Worse, allies might accidentally cause harm to one another. It's all too easy to summon the orb toward a statue and then be forced to watch helplessly as it connects with one of your friends along the way and explodes before you have time to react. With multiple gladiators questing at once, it's possible to respawn within a trial if you meet an untimely end, but there's a lengthy delay before that happens, and you fail the trial if everyone is ever down at once. Your best bet is to play with a bunch of experienced friends, at which point the game morphs into a true delight. At the moment, however, the game suffers from connectivity issues that prevent many players from joining games, with proposed solutions including the installation of third-party software that still doesn't seem to address the issues.

Don’t mind us, guardian. We’re just two gladiators out for a stroll!

Forced offers some unconventional mechanics and an assortment of creative mission objectives, tied together by attractive environments that are pleasant to explore right up until the moment they turn on you. It's a challenging game with built-in reasons to revisit familiar areas, but it's also too demanding for its own good, and the results are more frustrating than satisfying. The game is meant to be played cooperatively, but while connection issues remain, you're likely to muddle through on your own. It's difficult to recommend any game that you endure rather than enjoy, even one this unique.

The Good
Unique, puzzle-infused combat
Deep weapon customization
Frantic cooperative play
The Bad
Severe networking issues
Overwhelming difficulty
5
Mediocre
About GameSpot's Reviews

About the Author

Jason Venter lost himself in challenging arena battles and in matchmaking menus for more than a dozen hours, conquered numerous trials, and still cringes at the sight of a horde of swarmers.

Discussion

9 comments
leapfrog91
leapfrog91

Love the game so far -- sunk about 7 hours into it and am getting all of the challenges along the way with friends.

That being said, I also love Gamespot's seemingly-new policy to use the entire 1-10 scale. And I also love that every review isn't trying to be the end-all-be-all for everyone. One man's opinion is that the game is "middle of the road" and this doesn't shock me in the slightest; there certainly are a slew of faults.

8.5/10 :)

Riukuzaki
Riukuzaki

It is a sad state of affairs when professional game reviewers have been so thoroughly coddled by the ease of today's games that they completely miss the mark on what makes a game good.

jesot
jesot

You should give up playing and reviewing games for a living if you're going to give a game a low score for being too challenging for you.  I've read nothing but positive things regarding the challenge of the game.

RoadStar1602
RoadStar1602

The user score on metacritic is 8.1. Gamespot gives it a 5. This just shows me again how out of touch these professional reviewers are. I've played the game myself and found it to be a lot of fun. They did have server issues because they didn't expect to sell as many copies of the game as they sold. But I paid $11 with this game and, for that price, I'm willing to deal with a growing pain or two. Besides that, you can play the game in local co-op and experience no problems whatsoever. 

In contrast to this, I paid $60 for Diablo 3 the day it was released and was unable to play that game at all for 2 days due to server issues. After that I was constantly plagued with lag and the inability to play the game due to server outages and downtime. There was NO OPTION to play the game offline or in local co-op. Gamespot gave that $60 turd an 8.5, but gives this $11 game which works but had SOME server issues at launch a 5. 

I've given up on "professional" reviewers. Just look at the user scores if you want the real story.

dworm765
dworm765

 this review makes no sense at all, this guy probably tried the game for 5 minutes or so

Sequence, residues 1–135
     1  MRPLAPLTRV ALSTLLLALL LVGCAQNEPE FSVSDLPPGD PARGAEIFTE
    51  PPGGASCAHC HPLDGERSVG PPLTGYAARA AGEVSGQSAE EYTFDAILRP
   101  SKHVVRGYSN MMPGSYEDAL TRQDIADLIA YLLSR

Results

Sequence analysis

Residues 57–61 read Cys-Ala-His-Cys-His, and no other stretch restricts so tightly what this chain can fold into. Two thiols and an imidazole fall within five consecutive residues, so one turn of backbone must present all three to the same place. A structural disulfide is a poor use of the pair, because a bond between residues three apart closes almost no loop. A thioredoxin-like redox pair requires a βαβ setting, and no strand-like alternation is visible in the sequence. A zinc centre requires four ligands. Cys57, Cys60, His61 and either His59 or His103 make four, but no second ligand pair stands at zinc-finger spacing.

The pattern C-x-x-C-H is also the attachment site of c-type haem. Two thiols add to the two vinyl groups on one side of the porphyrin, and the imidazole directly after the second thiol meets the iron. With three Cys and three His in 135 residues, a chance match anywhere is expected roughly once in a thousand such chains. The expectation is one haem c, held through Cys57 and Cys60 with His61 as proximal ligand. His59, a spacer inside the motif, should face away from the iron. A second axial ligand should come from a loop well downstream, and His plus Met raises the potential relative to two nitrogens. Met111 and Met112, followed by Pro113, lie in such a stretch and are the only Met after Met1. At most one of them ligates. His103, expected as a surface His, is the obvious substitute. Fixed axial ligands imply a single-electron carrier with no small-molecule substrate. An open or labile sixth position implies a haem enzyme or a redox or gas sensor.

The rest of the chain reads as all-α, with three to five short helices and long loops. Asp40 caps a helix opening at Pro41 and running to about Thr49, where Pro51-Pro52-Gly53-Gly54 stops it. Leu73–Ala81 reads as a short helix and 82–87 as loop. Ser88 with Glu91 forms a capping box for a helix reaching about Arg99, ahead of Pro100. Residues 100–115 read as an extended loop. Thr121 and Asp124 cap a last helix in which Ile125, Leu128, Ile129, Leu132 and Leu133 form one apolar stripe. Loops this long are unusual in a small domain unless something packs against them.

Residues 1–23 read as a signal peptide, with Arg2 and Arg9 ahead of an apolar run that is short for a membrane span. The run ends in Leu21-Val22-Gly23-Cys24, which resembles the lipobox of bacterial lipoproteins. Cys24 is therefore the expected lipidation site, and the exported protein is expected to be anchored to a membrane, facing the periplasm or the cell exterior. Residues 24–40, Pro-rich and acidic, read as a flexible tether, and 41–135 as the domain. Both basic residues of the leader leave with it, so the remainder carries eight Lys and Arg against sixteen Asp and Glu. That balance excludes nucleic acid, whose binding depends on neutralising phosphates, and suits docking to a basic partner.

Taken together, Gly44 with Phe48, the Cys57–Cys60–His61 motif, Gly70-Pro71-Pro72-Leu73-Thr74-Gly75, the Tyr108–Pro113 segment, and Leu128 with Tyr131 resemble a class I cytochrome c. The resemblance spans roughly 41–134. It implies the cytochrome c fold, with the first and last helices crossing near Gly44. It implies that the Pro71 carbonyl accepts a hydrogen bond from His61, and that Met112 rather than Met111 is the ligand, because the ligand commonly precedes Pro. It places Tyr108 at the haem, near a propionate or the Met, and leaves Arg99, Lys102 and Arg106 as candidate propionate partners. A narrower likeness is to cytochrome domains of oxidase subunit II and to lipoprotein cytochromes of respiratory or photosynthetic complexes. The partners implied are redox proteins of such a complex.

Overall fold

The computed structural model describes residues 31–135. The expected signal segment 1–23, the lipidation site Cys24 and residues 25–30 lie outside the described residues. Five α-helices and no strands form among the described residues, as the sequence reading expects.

yes, its not an easy game but its difficulty is FUN, maybe jason is used to play barbie online i dont know but its nothing remotely overwhelming, its just challenging but while you fail you just enjoy the experience with friends, laugh at each other deaths and when they get caught by mistake adn explode etc etc

its just what every game should be, challenging and ENTERTAINING, i dont really know where he saw the frustration

 this review is high biased by low logic and gaming skills and highly offensive for the game, me and my friends finished the game in few days and totally disagree with the valutation

game is worth 8-9 in our humble opinion to say the least, it was just lot of fun from the start to the end

borkkmor00
borkkmor00

Watched a video of 4 dudes playing local coop and looked incredibly fun. It's a  bummer that the online isn't working that well at the moment.

Riukuzaki
Riukuzaki

@borkkmor00 I think this is partly due to both the FPS in-game as well as the connection.  My friend had what appeared to be latency issues until I installed Fraps, noticed he was sitting at 45 FPS, and told him to lower his resolution so that he was getting 60+.  After that, the "latency issues" suddenly disappeared.  My guess is that the game has a hard time coping with sub-60 FPS over the network.

dworm765
dworm765

@borkkmor00 man its a myth ppl in general has crap net, i dont really know what those ppl reporting issues had, maybe there is some provider or something, but me and all the friends i know (around10) had not 1 issue at all with the game connectivity

ofc im not saying that since it worked for me it shoudl worf for you or everyone else but probably there is just some restricted issue with some kind of net or region, its not like the general release like diablo or wow who have problems at start this game is just perfectly fine, unless you are unlucky for some reason you can probably verify reading around

FORCED More Info

  • First Released
    • Macintosh
    • PC
    • + 3 more
    • Unix/Linux
    • Wii U
    • Xbox One
    One- to four-player co-op arcade adventure with puzzles and tactical elements. You are cast as slaves in the toughest fantasy gladiator school of them all, condemned to fight as a gladiator and eventually win your freedom. You will face deadly trials and huge creatures, but Balfus, your Spirit Mentor will guide you in your quest for recognition.
    8.6
    Average User RatingOut of 15 User Ratings
    Please Sign In to rate FORCED
    Developed by:
    BetaDwarf
    Published by:
    BetaDwarf
    Genres:
    Role-Playing, Action